Even though some aspects of language are very static over long periods of time the fact that languages are constantly in flux will make it next to impossible to “calculate” individual statements or even entire texts (in other words: to “figure out their meaning”)

The title of this post is excerpted from “The Wisdom of the Language“, an article I wrote over 7 years ago. Recently published research has now corroborated my hypothesis.

As my friend Lawrence Wilkenson wrote the other day:

Readers will likely have heard of the recent research that has identified a list of two dozen “ultraconserved words” that have survived 150 centuries. It includes some predictable entries: “mother,” “not,” “what,” “to hear” and “man.” It also contains some surprises: “to flow,” “ashes” and “worm.”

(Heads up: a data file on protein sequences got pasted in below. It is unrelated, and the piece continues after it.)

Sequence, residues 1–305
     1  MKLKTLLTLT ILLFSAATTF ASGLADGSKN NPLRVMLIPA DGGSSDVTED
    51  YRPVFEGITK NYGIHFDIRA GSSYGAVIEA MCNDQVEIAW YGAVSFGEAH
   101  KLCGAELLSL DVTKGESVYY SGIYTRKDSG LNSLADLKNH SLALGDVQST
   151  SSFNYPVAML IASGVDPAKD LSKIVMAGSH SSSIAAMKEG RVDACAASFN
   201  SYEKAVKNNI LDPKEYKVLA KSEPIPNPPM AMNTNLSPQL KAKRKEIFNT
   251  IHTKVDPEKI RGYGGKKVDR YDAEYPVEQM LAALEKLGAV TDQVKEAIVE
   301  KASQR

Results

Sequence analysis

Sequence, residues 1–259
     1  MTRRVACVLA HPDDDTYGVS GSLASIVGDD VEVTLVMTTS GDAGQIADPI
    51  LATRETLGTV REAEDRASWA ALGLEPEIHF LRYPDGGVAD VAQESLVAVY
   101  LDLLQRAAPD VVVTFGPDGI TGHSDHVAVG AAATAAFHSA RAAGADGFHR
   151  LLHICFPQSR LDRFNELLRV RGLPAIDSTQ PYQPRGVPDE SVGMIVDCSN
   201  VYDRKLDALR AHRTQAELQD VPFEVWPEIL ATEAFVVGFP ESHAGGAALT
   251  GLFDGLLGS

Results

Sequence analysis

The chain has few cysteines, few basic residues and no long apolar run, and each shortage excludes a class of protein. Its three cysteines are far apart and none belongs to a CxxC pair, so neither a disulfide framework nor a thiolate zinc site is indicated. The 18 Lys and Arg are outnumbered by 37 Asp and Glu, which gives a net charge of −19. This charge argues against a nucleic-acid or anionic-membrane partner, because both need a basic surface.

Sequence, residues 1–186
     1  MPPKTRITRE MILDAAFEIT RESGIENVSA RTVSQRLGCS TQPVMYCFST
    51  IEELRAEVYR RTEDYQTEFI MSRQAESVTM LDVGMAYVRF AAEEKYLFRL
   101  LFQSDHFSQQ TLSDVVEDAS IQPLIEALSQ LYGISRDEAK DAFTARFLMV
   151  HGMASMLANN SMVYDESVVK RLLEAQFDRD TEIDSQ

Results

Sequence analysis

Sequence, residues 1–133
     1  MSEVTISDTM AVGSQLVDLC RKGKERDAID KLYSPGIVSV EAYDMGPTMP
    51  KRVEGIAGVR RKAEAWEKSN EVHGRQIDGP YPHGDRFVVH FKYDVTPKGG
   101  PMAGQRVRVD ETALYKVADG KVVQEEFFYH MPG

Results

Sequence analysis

Of course it feels great to have my ideas vindicated this way, but what is perhaps even more interesting is the logic behind the research: Apparently, words used more often are more stable within human language (indeed, the words I listed in my article are primarily words I recalled off the top of my head from earlier research done by Zipf — so I guess that is another link).

This might also open another way to define brand names (versus natural language): If a string is used often in the present, but was hardly ever or even never used in the past, then there is probably a high likelihood that it is a brand (and not a word).

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